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DATE: November 19, 2004

Environmental studies students will benefit from agreement between HFCC and UM-Dearborn

DEARBORN---Students who complete an associate's degree in environmental studies at Henry Ford Community College will be able to transfer seamlessly into the bachelor's degree program in environmental studies at the University of Michigan-Dearborn, thanks to an agreement signed by the two schools earlier this month.

The agreement "will give students at both of our institutions the opportunity to work in an interdisciplinary atmosphere to study and solve environmental problems at the local, regional, national and international levels," according to Edward Chielens, vice president and dean of academic education at HFCC.

"This partnership is another example of the strong relationship and shared missions of our schools, and of our commitment to provide the best possible educational opportunities to our students," Chielens said.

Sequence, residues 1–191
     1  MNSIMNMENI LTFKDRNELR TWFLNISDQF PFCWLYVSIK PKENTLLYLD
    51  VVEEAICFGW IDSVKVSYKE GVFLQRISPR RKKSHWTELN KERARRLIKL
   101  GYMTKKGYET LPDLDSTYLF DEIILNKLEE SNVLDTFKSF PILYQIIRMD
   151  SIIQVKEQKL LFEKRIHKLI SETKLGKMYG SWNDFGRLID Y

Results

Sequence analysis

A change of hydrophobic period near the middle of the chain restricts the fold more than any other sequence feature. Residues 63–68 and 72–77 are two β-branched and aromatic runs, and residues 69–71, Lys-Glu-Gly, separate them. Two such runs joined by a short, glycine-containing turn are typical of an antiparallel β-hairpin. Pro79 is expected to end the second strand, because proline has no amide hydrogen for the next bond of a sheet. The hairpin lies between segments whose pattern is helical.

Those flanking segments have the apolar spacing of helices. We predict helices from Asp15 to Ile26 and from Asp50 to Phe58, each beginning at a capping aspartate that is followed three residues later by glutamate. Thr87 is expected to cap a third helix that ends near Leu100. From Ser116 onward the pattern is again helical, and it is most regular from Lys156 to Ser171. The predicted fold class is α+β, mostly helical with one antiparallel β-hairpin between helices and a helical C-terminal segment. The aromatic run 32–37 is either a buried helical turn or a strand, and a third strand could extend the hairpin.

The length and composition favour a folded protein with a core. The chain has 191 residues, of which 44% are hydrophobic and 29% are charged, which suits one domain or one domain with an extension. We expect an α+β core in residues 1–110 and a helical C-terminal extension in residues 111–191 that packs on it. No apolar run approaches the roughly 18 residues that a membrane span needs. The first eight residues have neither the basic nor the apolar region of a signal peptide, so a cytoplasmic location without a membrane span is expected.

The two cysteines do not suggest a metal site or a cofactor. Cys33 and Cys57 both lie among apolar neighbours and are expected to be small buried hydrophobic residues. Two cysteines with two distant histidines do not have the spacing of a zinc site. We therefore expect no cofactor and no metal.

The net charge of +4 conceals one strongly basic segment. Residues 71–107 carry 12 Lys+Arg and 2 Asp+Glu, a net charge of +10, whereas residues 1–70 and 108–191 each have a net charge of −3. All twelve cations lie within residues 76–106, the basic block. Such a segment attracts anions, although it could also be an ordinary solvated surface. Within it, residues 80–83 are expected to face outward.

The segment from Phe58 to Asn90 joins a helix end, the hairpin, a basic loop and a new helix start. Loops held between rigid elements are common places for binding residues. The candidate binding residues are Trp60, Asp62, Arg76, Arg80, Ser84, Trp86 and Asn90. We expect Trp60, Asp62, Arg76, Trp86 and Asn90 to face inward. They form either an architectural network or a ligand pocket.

Under the terms of the agreement, HFCC students will be able to transfer up to 62 credits, including some specialty courses as well as general education and core curriculum credits, toward the 120 needed to complete a bachelor's degree at UM-Dearborn.

HFCC currently offers a two-year associate's degree program in pre-environmental studies. The pre-environmental studies program at HFCC focuses on the interdisciplinary nature of environmental problem solving, according to Judy Kelly, director of the program at HFCC. "Many of my students are very interested in transferring to UM-Dearborn, and this articulation agreement really streamlines the process," she said.

HFCC graduates will get equal consideration with other transfer applicants to UM-Dearborn's program. If the university's enrollment results in space limitations, some spaces will be reserved for HFCC students planning entry into the program.

Environmental studies have long been a major academic focus at UM-Dearborn, and more than a third of the campus is dedicated to a natural area supporting research and educational programs. Environmental studies graduates find careers in natural resources management, education, public policy and other fields.

"Faculty and students in environmental studies at HFCC have worked closely with the University of Michigan-Dearborn faculty over the years, and they have taken advantage of the natural areas that form part of the border between our campuses," according to UM-Dearborn Provost Robert L. Simpson. "So this agreement is a way of formalizing the links that have been created over many years between our schools."





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